Ramaswamy Launches Massive Campaign In Early Primary States

Using a $1 million ad buy in Iowa and New Hampshire, Republican presidential candidate Vivek Ramaswamy accuses lawmakers on both sides of the aisle of “driving us toward World War III.”

Many of Trump’s primary opponents were against nominating him because they believed he could not win the general election against President Biden, who enjoys support from the moderate and independent voters who are crucial in winning important swing states. However, new polling data has undermined that stance.

In a hypothetical battle in 2024, Trump leads Biden in critical swing states and nationally, according to polls by The New York Times, CNN, CBS News, and Emerson College.

The advertisement featured Ramaswamy pledging that as the next president, his sole duty is to the citizens of the United States and not another. He would prevent World War III, declare independence from communist China, and utilize our armed forces to defend our nation’s borders, not those of any foreign power.

Florida Gov. Ron DeSantis (R) has increasingly based his campaign for the nomination on the premise that he has produced victories and outcomes in Florida, while other Trump and his favorite candidates have suffered at the vote box. Recent polls, however, have cast doubt on the premise that Trump can’t beat Biden, even if he did lose to him in 2020.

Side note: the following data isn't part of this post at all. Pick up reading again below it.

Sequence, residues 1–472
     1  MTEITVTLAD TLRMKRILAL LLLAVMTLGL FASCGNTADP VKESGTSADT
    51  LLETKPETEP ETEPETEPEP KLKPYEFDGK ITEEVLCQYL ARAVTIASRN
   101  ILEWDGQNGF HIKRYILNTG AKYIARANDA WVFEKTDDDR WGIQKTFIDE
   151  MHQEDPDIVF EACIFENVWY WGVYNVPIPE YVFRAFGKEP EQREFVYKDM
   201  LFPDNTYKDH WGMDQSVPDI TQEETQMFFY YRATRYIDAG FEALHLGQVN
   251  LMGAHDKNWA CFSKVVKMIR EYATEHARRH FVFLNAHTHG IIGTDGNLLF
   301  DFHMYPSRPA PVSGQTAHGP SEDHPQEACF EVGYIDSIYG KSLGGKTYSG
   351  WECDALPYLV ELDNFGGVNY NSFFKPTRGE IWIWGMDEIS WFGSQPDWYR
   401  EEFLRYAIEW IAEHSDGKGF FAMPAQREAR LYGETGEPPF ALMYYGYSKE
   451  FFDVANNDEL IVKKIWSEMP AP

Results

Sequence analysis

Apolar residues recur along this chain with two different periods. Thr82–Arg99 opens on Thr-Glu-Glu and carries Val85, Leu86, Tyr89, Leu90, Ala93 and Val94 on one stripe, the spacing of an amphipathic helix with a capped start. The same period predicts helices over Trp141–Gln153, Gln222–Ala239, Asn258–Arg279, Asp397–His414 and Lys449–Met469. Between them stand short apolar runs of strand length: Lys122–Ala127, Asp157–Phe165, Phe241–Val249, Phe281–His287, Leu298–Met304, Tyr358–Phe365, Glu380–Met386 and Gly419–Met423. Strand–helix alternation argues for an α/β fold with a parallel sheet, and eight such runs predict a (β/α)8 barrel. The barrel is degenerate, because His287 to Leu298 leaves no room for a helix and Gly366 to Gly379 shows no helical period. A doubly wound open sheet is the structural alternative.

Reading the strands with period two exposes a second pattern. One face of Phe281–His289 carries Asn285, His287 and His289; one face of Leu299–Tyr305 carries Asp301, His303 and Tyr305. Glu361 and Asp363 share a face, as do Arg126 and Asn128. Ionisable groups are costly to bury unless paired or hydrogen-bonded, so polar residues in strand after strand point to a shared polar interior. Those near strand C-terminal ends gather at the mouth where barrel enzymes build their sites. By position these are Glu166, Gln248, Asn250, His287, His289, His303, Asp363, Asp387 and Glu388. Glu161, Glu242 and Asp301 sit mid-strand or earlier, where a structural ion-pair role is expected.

Some conservatives believe Nikki Haley or DeSantis would be safer for the general election than Trump. In every swing state polled by the New York Times/Siena College, save Georgia, Haley outperformed Biden. In the New York Times/Siena poll, DeSantis performed better than Trump against Biden in Wisconsin but similarly to Trump or worse in all other swing states surveyed.

After the terrorist strike on Israel on October 7, Ramaswamy was vocal in warning the United States against escalating into World War III. On the issue of U.S. engagement in the conflict between Russia and Ukraine, he has been outspoken, putting him at odds with his fellow Republicans.